Chapter 14. Arduino and Raspberry Pi

14.0. Introduction

A common alternative to using an interface board, such as a PiFace (Recipe 8.16), is to connect a Raspberry Pi to an Arduino board, as shown in Figure 14-1.

An Arduino Uno board
Figure 14-1. An Arduino Uno board

Arduino boards are superficially a little like a Raspberry Pi in that they are small and essentially a computer. However, Arduino boards are very different from the Raspberry Pi in a number of respects:

  • They do not have any interface to keyboard, mouse, or screen.
  • They have just 2 KB of RAM and 32 KB of flash for storing programs.
  • Their processor runs at just 16 MHz compared with the Raspberry Pi’s 700 MHz.

This might lead you to wonder why you would use such an apparently feeble board rather than the Raspberry Pi directly.

The answer is that Arduino boards, the most common being the Arduino Uno, are better than the Raspberry Pi at interfacing to external electronics in several ways. For example, Arduino boards have:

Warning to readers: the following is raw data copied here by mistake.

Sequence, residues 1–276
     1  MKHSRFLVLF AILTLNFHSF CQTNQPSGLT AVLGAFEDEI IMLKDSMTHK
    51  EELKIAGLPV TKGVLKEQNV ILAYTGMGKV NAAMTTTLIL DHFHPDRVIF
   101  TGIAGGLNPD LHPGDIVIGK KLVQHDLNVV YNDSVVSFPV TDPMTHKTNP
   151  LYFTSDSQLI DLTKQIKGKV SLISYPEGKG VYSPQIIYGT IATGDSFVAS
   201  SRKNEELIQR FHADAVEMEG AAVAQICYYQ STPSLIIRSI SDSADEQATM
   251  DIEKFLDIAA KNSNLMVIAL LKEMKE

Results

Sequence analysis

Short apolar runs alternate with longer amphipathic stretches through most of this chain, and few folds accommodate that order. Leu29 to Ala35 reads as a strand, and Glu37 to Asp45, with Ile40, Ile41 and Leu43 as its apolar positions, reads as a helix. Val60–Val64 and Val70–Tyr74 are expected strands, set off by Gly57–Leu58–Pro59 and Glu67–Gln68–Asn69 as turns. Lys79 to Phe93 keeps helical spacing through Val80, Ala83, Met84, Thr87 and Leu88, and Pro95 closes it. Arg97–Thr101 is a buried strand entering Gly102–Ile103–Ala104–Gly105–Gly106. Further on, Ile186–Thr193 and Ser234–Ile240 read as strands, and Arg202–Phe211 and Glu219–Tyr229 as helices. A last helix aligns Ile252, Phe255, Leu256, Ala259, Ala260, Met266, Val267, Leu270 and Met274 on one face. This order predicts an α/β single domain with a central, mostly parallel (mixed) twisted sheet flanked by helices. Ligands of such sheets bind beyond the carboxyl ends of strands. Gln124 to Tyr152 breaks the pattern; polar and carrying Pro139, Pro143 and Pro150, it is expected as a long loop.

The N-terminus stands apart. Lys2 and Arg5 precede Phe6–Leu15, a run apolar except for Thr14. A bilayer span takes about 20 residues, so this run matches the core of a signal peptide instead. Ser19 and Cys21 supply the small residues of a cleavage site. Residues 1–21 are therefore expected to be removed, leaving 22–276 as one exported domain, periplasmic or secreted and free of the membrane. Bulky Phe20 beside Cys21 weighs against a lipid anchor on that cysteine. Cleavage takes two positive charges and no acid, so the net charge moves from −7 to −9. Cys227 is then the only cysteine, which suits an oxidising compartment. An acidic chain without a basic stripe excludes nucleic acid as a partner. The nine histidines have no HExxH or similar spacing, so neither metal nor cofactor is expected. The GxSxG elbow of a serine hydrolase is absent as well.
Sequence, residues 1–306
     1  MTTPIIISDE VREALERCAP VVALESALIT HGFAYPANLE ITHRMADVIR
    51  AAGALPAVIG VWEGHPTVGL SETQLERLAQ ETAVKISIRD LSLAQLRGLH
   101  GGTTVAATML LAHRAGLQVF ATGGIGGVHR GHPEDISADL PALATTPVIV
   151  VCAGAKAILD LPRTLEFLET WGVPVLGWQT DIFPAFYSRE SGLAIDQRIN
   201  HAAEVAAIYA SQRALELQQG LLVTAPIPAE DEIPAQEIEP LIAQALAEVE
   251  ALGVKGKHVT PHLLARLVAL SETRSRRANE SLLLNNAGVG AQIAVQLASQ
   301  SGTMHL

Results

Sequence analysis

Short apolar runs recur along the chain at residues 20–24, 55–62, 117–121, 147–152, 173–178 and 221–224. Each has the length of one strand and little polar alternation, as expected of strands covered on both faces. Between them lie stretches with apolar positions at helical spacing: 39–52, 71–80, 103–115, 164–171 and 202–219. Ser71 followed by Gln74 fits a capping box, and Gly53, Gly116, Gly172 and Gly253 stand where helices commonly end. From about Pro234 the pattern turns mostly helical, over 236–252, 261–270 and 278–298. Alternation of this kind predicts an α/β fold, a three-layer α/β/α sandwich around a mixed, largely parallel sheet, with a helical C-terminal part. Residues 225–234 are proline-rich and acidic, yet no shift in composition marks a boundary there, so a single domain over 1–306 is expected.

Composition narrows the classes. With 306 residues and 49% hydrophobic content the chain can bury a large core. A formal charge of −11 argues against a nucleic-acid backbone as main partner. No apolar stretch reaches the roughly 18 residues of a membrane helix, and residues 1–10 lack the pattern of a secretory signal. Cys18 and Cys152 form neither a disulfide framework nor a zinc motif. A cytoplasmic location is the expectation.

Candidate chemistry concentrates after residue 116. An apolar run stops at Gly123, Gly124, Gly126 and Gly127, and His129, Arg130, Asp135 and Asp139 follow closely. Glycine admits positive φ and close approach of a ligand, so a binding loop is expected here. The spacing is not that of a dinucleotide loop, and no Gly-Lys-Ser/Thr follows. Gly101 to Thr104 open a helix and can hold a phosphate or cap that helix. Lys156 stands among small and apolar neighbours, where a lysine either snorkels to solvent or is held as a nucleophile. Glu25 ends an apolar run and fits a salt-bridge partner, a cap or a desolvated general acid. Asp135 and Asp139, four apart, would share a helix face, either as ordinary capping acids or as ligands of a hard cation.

• 14 digital inputs/outputs, like the Raspberry Pi’s GPIO pins, but each pin can provide up to 40 mA compared with the Raspberry Pi’s 3 mA. This enables them to power more devices without the need for extra electronics.
  • 6 analog inputs. This makes connecting analog sensors much easier (see Chapter 12).
  • 6 PWM outputs. These outputs are hardware-timed and produce a much more accurate PWM signal than can be achieved with the Raspberry ...

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